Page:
“It affects my life every day, I always have to be prepared to have a seizure”: Raising awareness for epilepsy

Written by Liv Hill

Epilepsy is a serious neurological condition affecting 600,000 people living in the UK and impacting their lives everyday.

Purple Day on Friday 26 March is internationally dedicated to raising awareness for epilepsy in the hope of creating a better understanding of people with the condition.

Media Officer at Epilepsy Action, Hattie Hodgson-Crome said: “Epilepsy can affect anyone at any time, and about one in 100 people have the condition. Days like Purple Day give people with epilepsy a chance to speak up, to educate others and to challenge some common misconceptions people have of the condition they live with every day.”

Jack Hill, 16, from Leicester, is one of the estimated 112,000 children and young people under the age of 18 living with epilepsy (Joint Epilepsy Council). He developed epilepsy when he was 13 months old. This resulted in him developing learning difficulties that cannot be diagnosed, the cause of his epilepsy is also unknown.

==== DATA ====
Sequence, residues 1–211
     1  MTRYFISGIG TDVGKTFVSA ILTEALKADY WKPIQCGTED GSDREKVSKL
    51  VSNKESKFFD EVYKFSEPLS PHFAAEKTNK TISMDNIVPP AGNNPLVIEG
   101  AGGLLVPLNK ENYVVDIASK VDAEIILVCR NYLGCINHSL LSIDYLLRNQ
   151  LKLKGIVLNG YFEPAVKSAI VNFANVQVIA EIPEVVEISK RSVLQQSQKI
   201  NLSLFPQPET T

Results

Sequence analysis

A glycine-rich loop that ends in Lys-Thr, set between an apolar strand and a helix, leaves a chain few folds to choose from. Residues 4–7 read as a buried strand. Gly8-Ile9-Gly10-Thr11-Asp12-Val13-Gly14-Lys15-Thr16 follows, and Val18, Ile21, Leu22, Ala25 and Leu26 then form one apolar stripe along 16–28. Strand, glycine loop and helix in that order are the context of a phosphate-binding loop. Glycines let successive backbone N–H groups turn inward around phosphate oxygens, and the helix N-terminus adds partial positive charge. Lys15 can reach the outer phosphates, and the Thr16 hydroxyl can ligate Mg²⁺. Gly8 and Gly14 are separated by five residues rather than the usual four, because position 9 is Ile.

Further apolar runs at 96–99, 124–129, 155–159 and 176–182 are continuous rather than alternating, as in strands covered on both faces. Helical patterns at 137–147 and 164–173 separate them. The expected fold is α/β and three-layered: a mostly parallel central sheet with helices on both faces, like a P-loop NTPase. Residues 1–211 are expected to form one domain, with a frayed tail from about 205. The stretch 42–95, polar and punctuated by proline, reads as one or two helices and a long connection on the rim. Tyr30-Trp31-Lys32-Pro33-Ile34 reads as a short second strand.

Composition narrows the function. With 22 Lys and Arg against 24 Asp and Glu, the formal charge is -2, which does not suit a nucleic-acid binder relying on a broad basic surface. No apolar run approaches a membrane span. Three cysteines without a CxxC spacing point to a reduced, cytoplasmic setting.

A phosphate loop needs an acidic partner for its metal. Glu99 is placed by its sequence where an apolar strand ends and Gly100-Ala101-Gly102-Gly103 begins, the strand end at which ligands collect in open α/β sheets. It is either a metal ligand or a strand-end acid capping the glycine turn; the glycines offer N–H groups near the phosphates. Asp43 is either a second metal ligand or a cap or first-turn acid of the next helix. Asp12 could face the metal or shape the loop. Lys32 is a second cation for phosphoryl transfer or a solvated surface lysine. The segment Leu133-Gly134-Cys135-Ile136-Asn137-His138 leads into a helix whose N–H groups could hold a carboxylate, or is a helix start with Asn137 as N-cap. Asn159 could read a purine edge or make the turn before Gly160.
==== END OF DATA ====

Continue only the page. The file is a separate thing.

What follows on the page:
The CHESS Study showed that 95% of children with epilepsy experience difficulty in at least one area of learning or behaviour (Reilly, 2014).

Jack, who has lived with epilepsy for as long as he can remember, said: “I don’t know anyone with epilepsy which can feel lonely but epilepsy affects my life every day. I always have to be prepared to have a seizure.”

In 2017, an Epilepsy Action survey found that six out of 10 people (60%) with epilepsy have experienced feelings of loneliness.

Since August 2020 Jack has been living with his grandparents, Brian and Carole Blower, who are still understanding what it’s like to care for a young person with epilepsy.